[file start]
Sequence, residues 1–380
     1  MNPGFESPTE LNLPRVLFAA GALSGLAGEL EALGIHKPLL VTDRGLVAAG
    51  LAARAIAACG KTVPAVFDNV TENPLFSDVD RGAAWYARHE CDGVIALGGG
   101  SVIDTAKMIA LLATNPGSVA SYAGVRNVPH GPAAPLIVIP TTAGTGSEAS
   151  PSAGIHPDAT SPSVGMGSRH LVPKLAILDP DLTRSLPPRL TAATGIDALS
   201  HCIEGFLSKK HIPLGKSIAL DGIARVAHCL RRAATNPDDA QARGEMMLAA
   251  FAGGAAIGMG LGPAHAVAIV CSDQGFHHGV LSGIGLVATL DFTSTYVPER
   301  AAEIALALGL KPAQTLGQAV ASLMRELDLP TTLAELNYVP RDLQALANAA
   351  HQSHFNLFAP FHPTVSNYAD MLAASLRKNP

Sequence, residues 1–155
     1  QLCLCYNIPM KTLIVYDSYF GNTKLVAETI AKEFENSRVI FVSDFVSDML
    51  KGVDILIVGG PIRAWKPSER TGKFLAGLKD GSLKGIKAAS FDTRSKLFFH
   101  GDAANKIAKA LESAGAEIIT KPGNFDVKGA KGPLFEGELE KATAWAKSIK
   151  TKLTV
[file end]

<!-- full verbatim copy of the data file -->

Sequence, residues 1–380
     1  MNPGFESPTE LNLPRVLFAA GALSGLAGEL EALGIHKPLL VTDRGLVAAG
    51  LAARAIAACG KTVPAVFDNV TENPLFSDVD RGAAWYARHE CDGVIALGGG
   101  SVIDTAKMIA LLATNPGSVA SYAGVRNVPH GPAAPLIVIP TTAGTGSEAS
   151  PSAGIHPDAT SPSVGMGSRH LVPKLAILDP DLTRSLPPRL TAATGIDALS
   201  HCIEGFLSKK HIPLGKSIAL DGIARVAHCL RRAATNPDDA QARGEMMLAA
   251  FAGGAAIGMG LGPAHAVAIV CSDQGFHHGV LSGIGLVATL DFTSTYVPER
   301  AAEIALALGL KPAQTLGQAV ASLMRELDLP TTLAELNYVP RDLQALANAA
   351  HQSHFNLFAP FHPTVSNYAD MLAASLRKNP

Sequence, residues 1–155
     1  QLCLCYNIPM KTLIVYDSYF GNTKLVAETI AKEFENSRVI FVSDFVSDML
    51  KGVDILIVGG PIRAWKPSER TGKFLAGLKD GSLKGIKAAS FDTRSKLFFH
   101  GDAANKIAKA LESAGAEIIT KPGNFDVKGA KGPLFEGELE KATAWAKSIK
   151  TKLTV